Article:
Witt: Age a consideration in 2020 election

Published 8:08 am Tuesday, January 9, 2018

The American electorate could be faced with a dilemma in 2020 related to some of the potential candidates for the presidency.

Of course, many of those candidates have not indicated they will run, but there are three who, if they decide to be contenders, create some problems for those who would like to see them in office.

The issue is age, and the three possible candidates for which this could present a problem are former Vice-President Joe Biden, Sen. Bernie Sanders and President Donald Trump, all of whom will be well into their 70s when the 2020 general election rolls around.

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Sanders was born Sept. 8, 1941, and will be 79 on Nov. 3, 2020, election day. Biden was born on Nov. 20, 1942, and will be 77 on election day, and Trump was born June 14, 1946, which will make him 74.

Frankly, all these potential contenders are too old to be running for the office in 2020.

If there is any doubt the office of president takes a toll on the holder, one has only to look at photos of past presidents from when they first took the office to when they left it.

The aging process certainly appears to be accelerated during the four or eight years of inhabiting the White House as leader of the country.

Article 2, Section 1 of the U.S. Constitution clearly stipulates the conditions which prevail for those seeking the office of president. Unfortunately, those who formulated the Article did not have enough foresight to set an upper age limit for candidates.

Those framers apparently felt one had to reach the age of 35 before he or she (certainly only ‘he’ in those days, since women couldn’t even vote at the time) was deemed sufficiently mature to hold the office.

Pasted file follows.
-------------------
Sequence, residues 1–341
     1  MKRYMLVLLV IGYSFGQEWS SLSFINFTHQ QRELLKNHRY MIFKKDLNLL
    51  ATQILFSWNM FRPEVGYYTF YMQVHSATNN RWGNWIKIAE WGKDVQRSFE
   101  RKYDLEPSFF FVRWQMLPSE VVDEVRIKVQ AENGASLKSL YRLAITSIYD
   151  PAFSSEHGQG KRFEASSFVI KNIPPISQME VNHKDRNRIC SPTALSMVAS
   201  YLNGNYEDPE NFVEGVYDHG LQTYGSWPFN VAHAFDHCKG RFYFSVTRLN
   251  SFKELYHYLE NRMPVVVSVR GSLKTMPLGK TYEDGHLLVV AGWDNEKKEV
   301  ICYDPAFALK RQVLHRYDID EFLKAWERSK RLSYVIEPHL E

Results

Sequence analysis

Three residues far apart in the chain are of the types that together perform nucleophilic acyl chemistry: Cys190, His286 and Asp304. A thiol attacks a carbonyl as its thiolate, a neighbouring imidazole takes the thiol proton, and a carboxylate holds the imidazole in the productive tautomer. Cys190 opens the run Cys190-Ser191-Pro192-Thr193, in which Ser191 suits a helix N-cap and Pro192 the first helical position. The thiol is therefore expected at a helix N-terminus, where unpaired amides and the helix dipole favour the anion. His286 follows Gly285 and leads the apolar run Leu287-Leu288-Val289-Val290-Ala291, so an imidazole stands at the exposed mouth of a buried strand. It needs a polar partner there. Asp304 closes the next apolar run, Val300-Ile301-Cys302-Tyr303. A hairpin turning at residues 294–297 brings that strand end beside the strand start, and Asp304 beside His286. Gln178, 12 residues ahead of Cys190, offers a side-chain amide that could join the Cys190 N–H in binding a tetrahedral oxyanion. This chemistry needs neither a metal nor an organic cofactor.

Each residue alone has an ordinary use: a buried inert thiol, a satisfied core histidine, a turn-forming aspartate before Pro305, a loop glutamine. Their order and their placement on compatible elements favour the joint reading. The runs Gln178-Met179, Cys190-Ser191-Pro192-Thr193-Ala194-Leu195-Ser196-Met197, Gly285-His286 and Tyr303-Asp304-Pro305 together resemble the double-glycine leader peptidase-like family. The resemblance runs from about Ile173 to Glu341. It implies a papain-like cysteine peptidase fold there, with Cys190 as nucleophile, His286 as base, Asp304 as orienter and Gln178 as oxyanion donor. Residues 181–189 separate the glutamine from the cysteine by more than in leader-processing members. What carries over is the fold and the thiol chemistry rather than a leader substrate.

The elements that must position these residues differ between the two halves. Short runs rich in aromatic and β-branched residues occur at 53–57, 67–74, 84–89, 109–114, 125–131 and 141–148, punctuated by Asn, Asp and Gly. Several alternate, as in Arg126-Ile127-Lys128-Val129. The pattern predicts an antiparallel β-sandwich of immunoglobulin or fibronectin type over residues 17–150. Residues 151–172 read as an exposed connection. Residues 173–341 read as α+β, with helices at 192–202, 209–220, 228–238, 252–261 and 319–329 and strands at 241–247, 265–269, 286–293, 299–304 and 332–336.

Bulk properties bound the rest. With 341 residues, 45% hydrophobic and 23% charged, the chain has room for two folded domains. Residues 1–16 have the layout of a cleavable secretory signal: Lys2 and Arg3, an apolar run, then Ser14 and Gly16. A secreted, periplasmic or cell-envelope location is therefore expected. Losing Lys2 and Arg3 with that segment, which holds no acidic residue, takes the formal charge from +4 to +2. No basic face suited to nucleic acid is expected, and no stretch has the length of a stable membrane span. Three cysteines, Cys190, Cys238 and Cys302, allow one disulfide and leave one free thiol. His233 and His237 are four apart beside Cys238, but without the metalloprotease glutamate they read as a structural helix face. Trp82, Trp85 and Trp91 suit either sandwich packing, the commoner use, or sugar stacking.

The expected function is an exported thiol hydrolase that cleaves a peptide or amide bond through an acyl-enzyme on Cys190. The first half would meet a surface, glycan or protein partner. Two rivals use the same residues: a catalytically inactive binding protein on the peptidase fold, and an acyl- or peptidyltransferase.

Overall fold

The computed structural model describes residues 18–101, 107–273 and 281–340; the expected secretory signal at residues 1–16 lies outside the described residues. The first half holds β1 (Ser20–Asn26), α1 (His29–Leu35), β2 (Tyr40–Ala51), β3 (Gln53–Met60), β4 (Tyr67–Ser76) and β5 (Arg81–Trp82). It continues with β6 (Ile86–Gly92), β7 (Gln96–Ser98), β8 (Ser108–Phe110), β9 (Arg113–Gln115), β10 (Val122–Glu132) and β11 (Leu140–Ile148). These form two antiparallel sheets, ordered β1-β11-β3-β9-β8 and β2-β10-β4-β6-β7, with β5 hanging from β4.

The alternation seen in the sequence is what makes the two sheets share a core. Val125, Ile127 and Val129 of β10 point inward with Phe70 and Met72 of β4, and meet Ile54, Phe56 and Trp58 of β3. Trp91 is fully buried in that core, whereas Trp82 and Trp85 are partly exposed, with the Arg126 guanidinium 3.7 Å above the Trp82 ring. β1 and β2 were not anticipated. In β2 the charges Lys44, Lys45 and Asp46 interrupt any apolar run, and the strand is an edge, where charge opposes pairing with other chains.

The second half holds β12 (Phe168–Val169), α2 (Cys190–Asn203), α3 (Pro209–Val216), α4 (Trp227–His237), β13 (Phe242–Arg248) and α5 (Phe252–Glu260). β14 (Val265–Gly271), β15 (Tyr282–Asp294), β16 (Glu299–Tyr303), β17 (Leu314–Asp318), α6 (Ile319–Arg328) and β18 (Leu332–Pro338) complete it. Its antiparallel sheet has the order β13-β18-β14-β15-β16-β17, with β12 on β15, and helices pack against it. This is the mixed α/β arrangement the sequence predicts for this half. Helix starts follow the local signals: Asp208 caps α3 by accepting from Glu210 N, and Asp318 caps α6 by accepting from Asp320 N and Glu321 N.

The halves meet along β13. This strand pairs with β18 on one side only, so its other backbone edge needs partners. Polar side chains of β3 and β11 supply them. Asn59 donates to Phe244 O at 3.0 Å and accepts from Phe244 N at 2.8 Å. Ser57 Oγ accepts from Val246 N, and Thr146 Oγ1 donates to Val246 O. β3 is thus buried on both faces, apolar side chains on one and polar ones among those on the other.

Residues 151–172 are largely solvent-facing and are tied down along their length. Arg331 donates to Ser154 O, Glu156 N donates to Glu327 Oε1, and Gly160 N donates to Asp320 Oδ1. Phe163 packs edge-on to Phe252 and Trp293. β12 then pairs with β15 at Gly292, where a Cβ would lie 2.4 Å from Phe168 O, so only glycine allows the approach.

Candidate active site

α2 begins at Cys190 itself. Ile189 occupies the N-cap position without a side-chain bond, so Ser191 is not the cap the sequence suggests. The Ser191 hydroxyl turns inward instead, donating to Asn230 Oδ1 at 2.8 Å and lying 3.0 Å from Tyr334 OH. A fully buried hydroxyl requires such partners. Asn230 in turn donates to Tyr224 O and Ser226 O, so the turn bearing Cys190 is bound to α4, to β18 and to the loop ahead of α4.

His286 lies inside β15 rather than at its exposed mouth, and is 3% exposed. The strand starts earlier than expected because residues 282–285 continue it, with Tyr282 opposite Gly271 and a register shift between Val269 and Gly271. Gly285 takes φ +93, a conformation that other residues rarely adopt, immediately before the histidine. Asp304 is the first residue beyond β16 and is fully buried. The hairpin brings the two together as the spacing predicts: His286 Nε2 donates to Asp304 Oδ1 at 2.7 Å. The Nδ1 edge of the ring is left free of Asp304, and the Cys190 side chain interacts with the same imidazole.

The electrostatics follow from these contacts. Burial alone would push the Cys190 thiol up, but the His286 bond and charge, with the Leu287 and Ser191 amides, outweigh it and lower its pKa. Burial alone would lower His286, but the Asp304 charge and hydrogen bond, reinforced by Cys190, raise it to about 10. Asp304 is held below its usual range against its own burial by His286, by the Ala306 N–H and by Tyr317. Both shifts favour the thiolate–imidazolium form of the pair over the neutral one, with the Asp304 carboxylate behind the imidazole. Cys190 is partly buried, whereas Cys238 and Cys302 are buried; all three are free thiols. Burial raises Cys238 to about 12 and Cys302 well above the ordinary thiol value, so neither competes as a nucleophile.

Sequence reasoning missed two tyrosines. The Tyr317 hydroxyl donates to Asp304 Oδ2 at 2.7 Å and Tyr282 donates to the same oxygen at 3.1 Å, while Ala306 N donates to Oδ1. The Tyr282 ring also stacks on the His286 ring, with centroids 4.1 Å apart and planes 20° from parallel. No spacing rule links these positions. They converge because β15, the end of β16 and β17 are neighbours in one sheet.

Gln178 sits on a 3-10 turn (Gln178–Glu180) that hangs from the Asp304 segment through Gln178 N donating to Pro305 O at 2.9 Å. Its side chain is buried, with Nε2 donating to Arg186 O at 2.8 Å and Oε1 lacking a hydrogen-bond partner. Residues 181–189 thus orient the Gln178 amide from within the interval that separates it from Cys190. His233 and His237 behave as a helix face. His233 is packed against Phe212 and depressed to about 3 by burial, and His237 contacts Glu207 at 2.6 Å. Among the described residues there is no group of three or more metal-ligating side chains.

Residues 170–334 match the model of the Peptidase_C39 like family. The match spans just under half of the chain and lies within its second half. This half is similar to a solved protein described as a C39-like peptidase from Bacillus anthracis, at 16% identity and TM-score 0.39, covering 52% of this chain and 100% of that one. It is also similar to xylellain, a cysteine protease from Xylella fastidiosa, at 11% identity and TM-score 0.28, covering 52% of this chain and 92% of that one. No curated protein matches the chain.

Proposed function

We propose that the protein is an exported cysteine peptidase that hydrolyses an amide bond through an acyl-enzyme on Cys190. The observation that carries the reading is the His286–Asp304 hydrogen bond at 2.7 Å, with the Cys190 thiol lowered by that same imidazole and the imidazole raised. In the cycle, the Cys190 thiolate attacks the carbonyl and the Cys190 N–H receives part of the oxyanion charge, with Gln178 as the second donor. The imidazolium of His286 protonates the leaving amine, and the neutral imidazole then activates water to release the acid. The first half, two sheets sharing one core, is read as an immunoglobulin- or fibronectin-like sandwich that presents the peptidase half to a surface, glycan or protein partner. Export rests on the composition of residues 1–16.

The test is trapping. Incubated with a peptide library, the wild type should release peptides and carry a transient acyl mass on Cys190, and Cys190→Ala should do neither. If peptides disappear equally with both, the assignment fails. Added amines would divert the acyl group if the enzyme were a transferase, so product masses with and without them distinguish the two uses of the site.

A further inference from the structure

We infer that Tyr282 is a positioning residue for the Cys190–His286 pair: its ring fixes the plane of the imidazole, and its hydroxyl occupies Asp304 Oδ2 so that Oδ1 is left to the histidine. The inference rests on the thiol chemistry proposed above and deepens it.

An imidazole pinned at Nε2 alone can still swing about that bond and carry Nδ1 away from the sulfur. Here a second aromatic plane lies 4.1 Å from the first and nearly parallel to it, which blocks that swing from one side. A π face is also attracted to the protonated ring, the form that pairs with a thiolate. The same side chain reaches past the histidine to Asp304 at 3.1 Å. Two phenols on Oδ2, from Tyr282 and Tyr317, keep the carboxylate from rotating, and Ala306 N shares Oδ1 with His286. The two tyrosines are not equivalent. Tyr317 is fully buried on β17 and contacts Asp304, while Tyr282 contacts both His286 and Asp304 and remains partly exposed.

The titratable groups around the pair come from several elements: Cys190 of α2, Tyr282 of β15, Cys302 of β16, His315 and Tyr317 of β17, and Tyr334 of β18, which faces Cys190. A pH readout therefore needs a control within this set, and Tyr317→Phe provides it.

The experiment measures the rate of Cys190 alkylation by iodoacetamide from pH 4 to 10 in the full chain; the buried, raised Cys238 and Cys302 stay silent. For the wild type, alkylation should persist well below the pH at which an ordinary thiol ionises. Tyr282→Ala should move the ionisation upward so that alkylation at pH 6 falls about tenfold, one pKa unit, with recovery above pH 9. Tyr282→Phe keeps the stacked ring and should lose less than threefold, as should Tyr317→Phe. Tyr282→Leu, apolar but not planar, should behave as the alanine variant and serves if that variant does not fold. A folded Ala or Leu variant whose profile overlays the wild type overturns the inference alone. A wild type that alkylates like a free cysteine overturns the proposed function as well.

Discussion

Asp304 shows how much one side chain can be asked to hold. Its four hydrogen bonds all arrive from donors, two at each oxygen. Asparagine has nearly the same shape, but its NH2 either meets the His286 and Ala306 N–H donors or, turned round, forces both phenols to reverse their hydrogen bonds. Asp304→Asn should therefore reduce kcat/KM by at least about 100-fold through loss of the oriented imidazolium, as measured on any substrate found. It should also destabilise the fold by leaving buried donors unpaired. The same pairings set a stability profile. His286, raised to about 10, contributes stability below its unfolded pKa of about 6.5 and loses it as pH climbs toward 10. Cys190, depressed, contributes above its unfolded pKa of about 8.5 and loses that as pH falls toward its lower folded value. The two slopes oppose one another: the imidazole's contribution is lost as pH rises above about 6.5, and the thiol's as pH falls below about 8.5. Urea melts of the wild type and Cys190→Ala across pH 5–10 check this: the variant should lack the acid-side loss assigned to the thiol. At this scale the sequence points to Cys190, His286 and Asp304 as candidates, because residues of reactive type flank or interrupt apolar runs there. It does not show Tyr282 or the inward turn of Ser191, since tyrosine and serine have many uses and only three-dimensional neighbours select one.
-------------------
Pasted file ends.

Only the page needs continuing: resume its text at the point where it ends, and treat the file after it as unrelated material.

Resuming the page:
Trump is now the oldest person to attain the presidency, followed by Ronald Reagan. And many can remember Reagan was already showing signs of mental decline before he left office.

Perhaps it’s time to consider modifying Article 2, Section 1 with a further stipulation that no one can seek the office of president who will reach the age of 70 while in office. Sure, the upper age limit is open to compromise. Many would undoubtedly consider 70 to be too restrictive, and it could be raised. But any increase should be minimal.

Even in 1850, if a male reached the age of 5, the average life expectancy was only 55. Today, total life spans in the U.S. are approximately 70 years, so the population is certainly living longer.

Still, many infirmities begin to show by the 70s and some of those can be absolutely devastating for someone in high office, where quick decisions can be catastrophic for thousands, even millions, of individuals.

So, if Democrats should select Sanders or Biden, and Republicans determine Trump should be allowed to seek a second term in office, the entire nation will be faced with some tough decisions during the primaries.

While all candidates, even those who have surpassed the accepted age for retirement, may seem perfectly capable and competent at the time, advanced age is certainly a valid consideration which should be on the minds of all those who vote.

Age usually brings a certain maturity and sagacity. It can also bestow a good many afflictions which do not normally accompany those much younger.

2020 looms interestingly.

Chuck Witt is a retired architect and a lifelong resident of Winchester. He can be reached at chuck740@bellsouth.net.